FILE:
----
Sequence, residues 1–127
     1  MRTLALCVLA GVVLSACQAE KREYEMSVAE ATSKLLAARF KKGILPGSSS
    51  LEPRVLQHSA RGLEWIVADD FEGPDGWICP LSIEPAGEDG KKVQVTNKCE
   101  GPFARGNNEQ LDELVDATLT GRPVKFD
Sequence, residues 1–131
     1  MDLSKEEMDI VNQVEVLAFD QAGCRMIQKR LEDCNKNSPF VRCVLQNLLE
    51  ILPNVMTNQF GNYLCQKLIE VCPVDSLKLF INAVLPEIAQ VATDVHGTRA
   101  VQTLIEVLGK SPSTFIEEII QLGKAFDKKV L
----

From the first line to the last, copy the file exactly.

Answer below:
Sequence, residues 1–127
     1  MRTLALCVLA GVVLSACQAE KREYEMSVAE ATSKLLAARF KKGILPGSSS
    51  LEPRVLQHSA RGLEWIVADD FEGPDGWICP LSIEPAGEDG KKVQVTNKCE
   101  GPFARGNNEQ LDELVDATLT GRPVKFD
Sequence, residues 1–131
     1  MDLSKEEMDI VNQVEVLAFD QAGCRMIQKR LEDCNKNSPF VRCVLQNLLE
    51  ILPNVMTNQF GNYLCQKLIE VCPVDSLKLF INAVLPEIAQ VATDVHGTRA
   101  VQTLIEVLGK SPSTFIEEII QLGKAFDKKV L